Today, clever scientists know what pretty well every molecule of any medication they come up with is going to do - this one will help the heart to beat more slowly - that one will help the heart to beat more quickly - while another one will make certain that the pressure of the blood flowing in our veins and arteries remains exactly as it should be.
Other molecules they create, will kill viruses, stop a cough, remove pain from a stomach or even help us to see better, and those scientists know exactly which ones will do what, because with their wonderful modern equipment they can see into the very heart of both the medicine they are developing and the problem that is causing the particular trouble!
Because of this many of the diseases that had been with us since pretty well the beginning of time have now been conquered, not every one true, there are still many illnesses we can do little about, like Cancer, Parkinson’s, Malaria and many others.
But the scientists are getting closer and closer to success every day, as they learn more and more about the ‘enemy’.
But what about the days before modern medicine?
How did the apothecaries, and even the ordinary people of history arrive at their potions; was it all just ‘trial and error’, or good luck, or did those people have some hidden knowledge to assist them? And how often did their preparations meet with success? How many were just useless and how many were downright dangerous?
Well, here are a few ideas I’ve found from our historic past that might freeze your blood a little;
How about this, for a useful astringent wash – Dissolve half a drachm of white vitriol in five ounces of water. Dissolve two scruples of acetate of lead in five ounces of water. Mix the two solutions together, then set aside for a short time, then filter to make ready for use. (For anyone interested in knowing, a drachm is 3.967 milliliters, a scruple is 1.296 grams!).
Feeling constipated? Here’s a handy little brew, to clear that up, quick time!
Take one ounce of cream of tartar, one gram of jalap and half a drachm of powdered ginger; mix into a thick paste with treacle, take two teaspoonsful. (I think I’d rather be constipated).
It’s possible you haven’t heard of ‘jalap’, well its listed in my dictionary as “The dried tuberous root of Exogonium purga, ground to a yellowish powder”. A purgative.
Suffering from a cough? Might I suggest you mix one drachm of compound of ipecacuanha with one scruple of gum ammoniacum and one of dried squill-bulb into a powder. Make into a mass with mucilage, and divide into twenty pills – take one, three times a day.
That bit about mucilage concerned me a little, so I looked it up and was told it is a substance extracted as a viscous or gelatinous solution from plant roots, seeds, etc., so I guess that’s not too bad really!
To get down to one of the more serious diseases, let’s have a look at Cholera.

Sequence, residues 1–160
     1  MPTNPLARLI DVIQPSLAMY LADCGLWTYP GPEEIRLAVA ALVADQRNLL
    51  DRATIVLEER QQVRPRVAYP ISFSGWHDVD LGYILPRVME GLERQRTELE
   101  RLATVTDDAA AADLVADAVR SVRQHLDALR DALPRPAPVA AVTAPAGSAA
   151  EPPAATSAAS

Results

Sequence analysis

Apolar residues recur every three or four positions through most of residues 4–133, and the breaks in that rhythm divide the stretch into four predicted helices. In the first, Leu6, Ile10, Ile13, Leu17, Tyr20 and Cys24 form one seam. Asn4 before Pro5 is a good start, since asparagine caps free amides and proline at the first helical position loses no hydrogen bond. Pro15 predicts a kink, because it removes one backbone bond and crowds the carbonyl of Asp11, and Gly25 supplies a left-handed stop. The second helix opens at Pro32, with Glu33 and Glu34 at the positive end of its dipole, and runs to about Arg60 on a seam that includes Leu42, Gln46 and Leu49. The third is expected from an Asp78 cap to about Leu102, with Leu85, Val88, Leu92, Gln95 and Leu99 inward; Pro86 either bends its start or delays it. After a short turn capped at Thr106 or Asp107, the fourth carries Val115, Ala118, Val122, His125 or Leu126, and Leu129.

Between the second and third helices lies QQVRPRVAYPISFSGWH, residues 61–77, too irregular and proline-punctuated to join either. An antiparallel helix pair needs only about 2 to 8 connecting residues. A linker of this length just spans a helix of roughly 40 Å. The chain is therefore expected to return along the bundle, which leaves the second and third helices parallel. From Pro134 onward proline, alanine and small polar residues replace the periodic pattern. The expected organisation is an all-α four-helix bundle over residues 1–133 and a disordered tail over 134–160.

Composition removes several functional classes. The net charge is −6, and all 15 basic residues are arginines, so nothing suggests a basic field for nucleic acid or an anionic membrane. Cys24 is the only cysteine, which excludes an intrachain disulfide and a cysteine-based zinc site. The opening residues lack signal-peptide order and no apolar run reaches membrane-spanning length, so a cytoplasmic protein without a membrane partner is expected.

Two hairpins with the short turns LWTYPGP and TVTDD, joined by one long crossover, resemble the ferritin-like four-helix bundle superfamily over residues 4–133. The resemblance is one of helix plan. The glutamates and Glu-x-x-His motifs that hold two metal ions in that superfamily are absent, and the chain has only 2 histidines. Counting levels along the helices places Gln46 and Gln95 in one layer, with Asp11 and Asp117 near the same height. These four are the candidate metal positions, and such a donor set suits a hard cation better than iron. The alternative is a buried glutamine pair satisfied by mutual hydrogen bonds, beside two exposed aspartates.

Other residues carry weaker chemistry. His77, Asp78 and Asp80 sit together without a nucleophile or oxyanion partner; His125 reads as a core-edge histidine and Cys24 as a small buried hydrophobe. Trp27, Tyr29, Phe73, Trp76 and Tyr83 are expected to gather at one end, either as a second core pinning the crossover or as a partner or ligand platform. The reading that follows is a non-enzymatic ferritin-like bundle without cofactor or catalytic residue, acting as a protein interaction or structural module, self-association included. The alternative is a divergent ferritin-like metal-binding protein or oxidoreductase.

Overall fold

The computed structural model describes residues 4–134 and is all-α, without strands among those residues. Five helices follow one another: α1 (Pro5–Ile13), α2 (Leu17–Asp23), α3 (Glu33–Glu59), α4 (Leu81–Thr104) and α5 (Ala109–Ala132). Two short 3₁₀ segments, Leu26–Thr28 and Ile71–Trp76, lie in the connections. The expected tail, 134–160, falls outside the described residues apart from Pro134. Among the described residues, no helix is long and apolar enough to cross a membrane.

This is a disease we see very little of now, especially in the richer countries of the world, but until the development of modern medicines, about the only thing doctors of a hundred years or more ago could offer to cure it’s dreadful effects, was medicinal camphor, which I think would have been of little help.
Where camphor is used now, (fairly infrequently), is in treating pain, warts, cold sores, haemorrhoids, osteoarthritis and anti-itch, to increase local blood flow, and as a counter-irritant.
Many people, in those far-off days, used to come home from a winter’s day working in the fields, with cold hands and feet, and they would sit in front of a nice warm fire, holding their feet and hands to the flames, to warm them up quickly.
The result was called chilblains, a nasty, itchy swelling of the toes and fingers, which could be quite painful at times. Those far-off people I mentioned created their own cures for the complaint.
One was Arnica Montana, which is a moderately toxic mountain plant.
Arnica Montana is slightly more effective than a placebo when used for the treatment of several conditions including post-traumatic and postoperative pain, oedema, and ecchymosis.
However, its dosages, and preparations used, have produced substantial differences in the clinical outcome. In the use I am describing, it was recommended for both internal and exterior use, unless the chilblain was broken, when arsenicum was advised.
If this didn’t work, Belladonna and toxicodendron were suggested. (I’ll leave you the reader to look the last two up).
So, our ancestors had some weird and wonderful answers to the more simple ailments that attacked them, though whether their concoctions did any good I am not sure; the one thing I am glad of, is that I live now rather than then, at least our scientists know what they are doing today, and what they are giving us to cure our ills, (I HOPE!).
(c)2021 - Brian Lee